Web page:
Social Security 1: Planning Is Crucial

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Social Security benefits can represent a big stack of cash. A typical monthly benefit of $2,200 has a present value well over $500,000. Consider all your Social Security options carefully to avoid making a costly mistake.

Like all government law, Social Security is not a simple piece of legislation. Since the Social Security Act became law in 1935, hundreds of amendments have added to the complexity. To make the best decision, you must consider health, income before retirement, income during retirement and taxes.

Retirees cannot rely on commonly held beliefs. Don’t assume that simplistic rules such as “Always file for early benefits” or “You need to stop working to receive benefits” are correct. There are specific cases that break every rule of thumb. And these one-size-fits-all answers leave many retirees failing to maximize the benefits they have earned.

At least four methods are used when electing how to take Social Security. And if you are married, the two of you can mix and match these in more than 16 different ways. Each one results in a different cash flow. By using the cash flows and the time value of money, you can determine which method will result in the highest net present value and offer you the best maximum value.

These methods differ significantly. They depend on your historical earnings, marital or divorce status, continued work in retirement, longevity and rates of return. The choice may be worth $250,000 of income or more. Filing options include “early filing,” “standard filing,” “delayed filing,” “file and suspend,” and many combinations of these options for married couples. It is certainly worth careful study and analysis of each one. Yet a majority of Americans make their choice impulsively and emotionally.

The decision is even more critical for women. For 42% of single women older than 62, Social Security is their sole source of income. Women on average outlive men. Thus planning for retirement is much easier for men, who tend to have more assets and die young. Widows are twice as likely to live under the poverty line as men who have lost their wives. And the poverty rate for elderly single women is 23% compared with just 5% for retired couples.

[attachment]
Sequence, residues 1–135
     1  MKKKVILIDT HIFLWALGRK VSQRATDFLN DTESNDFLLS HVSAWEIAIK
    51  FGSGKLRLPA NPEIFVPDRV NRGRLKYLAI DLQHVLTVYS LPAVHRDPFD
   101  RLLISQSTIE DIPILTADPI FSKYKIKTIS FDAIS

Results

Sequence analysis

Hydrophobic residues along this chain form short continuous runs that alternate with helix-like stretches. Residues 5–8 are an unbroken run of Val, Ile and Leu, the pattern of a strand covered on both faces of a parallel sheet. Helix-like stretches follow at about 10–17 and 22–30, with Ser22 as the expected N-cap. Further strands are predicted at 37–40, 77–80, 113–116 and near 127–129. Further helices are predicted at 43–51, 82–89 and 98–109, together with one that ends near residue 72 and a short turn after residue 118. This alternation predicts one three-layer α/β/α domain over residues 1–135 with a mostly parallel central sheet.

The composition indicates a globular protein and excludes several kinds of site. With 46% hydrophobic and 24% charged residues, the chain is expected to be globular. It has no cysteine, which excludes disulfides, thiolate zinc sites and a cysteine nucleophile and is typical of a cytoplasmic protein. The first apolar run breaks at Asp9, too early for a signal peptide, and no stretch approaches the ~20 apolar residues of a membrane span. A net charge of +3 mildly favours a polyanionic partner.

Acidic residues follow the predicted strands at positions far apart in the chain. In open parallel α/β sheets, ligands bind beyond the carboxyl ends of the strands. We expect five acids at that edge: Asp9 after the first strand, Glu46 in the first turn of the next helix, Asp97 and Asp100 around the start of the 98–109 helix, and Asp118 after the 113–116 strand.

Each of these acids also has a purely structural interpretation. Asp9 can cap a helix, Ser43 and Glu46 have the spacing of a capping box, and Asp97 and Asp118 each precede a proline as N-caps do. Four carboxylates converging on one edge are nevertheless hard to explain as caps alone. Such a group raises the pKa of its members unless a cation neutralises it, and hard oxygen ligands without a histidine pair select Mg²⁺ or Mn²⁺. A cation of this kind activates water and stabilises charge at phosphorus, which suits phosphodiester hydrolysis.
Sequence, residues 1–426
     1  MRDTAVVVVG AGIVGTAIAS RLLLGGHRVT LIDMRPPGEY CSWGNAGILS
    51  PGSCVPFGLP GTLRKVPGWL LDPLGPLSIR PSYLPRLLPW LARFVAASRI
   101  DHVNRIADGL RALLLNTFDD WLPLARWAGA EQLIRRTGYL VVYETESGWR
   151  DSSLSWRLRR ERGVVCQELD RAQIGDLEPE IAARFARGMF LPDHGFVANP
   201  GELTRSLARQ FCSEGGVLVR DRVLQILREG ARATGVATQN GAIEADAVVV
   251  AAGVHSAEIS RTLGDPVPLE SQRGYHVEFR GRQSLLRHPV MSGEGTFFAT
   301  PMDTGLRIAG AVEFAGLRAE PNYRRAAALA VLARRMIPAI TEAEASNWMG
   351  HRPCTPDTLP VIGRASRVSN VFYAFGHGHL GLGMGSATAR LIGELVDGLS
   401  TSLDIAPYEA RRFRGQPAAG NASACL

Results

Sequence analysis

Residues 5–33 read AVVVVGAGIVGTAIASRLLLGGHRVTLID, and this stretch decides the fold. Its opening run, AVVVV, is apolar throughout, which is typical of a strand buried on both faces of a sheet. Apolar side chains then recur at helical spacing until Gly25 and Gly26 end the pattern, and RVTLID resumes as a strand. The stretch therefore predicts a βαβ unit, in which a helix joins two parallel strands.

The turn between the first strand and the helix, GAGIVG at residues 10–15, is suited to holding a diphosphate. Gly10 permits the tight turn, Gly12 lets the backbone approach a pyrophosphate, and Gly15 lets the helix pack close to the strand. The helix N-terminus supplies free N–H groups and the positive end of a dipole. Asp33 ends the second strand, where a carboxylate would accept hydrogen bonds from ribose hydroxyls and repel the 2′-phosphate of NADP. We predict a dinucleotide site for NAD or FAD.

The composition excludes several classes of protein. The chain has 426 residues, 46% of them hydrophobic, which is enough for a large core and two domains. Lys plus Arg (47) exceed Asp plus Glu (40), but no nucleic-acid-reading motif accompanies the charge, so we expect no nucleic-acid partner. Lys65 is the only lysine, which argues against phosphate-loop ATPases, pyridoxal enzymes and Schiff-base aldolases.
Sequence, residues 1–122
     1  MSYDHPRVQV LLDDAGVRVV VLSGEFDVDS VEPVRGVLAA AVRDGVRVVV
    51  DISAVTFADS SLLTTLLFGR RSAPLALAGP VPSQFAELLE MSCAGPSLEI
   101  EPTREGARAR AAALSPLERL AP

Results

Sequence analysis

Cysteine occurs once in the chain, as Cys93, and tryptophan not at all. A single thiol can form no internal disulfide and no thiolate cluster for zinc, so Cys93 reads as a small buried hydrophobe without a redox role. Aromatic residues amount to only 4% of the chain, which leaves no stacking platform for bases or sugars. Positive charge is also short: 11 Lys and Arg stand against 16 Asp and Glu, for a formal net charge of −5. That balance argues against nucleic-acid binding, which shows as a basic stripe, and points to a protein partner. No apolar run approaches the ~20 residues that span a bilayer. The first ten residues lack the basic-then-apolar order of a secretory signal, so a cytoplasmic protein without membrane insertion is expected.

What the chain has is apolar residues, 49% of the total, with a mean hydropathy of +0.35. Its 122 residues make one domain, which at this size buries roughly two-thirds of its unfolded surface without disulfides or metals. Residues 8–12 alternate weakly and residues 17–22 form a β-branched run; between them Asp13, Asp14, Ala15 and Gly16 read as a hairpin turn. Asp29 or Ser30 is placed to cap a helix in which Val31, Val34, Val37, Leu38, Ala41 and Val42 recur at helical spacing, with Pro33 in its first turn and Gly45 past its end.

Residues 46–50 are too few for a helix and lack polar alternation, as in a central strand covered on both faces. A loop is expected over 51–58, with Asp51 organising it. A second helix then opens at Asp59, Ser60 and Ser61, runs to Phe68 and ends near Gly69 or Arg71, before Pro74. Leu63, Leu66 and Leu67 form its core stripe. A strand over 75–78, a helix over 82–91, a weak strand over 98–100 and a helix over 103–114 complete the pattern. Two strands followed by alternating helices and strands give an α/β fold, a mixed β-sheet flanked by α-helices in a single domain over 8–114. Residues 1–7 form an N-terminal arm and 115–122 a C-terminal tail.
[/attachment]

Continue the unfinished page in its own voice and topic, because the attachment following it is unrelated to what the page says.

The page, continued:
Couples must take their joint longevity into account before either one files for benefits. The person with the longer life expectancy will inherit either a wise or a foolish decision that will last a lifetime. Given that a husband’s benefits are often higher and the wife’s life expectancy longer, each case needs to be analyzed carefully.

Unfortunately, many people file after considering only one or two options in isolation. The Social Security Administration’s new online filing system enables quick decision making. People can easily submit their request without any professional advice or planning.

Before filing, then, you obviously should be informed about all the options. To begin, you need to know your personal Social Security earnings and the projected benefits for both you and your spouse. You can request an estimate at www.ssa.gov/estimator and then print the results. Or call the Social Security Administration at 800-772-1213. You can also get a copy of “Retirement Benefits” (Publication No. 05-10035) online.

Social Security planning is crucial for everyone. People with significant assets should carefully consider both the lifetime benefits and tax consequences of Social Security in light of their overall portfolio strategy. For the less well off, Social Security benefits will dictate their retirement lifestyle. Proper planning could well determine what they can afford to eat.

To help you understand your options before locking in the wrong choice, attend the nonprofit NAPFA Consumer Education Foundation seminar, “Everything You Need to Consider Before Filing for Social Security,” on March 11. This free presentation will be held at the Northside Library meeting room in the Albemarle Square Shopping Center from 7 to 8:30 pm. Financial advisors Matt Illian and Frank McCraw are leading the seminar. For more information, visit www.napfafoundation.org/NAPFAfoundation_Charlottesville.htm . Or e-mail charlottesville@napfafoundation.org .

Photo by Gary Bendig on Unsplash

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David John Marotta is the Founder and President of Marotta Wealth Management. He played for the State Department chess team at age 11, graduated from Stanford, taught Computer and Information Science, and still loves math and strategy games. Favorite number: e (2.7182818...)

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Matthew Illian was a Wealth Manager at Marotta Wealth Management from 2007 to 2016. He specialized in small business consulting, college planning, and retirement plans.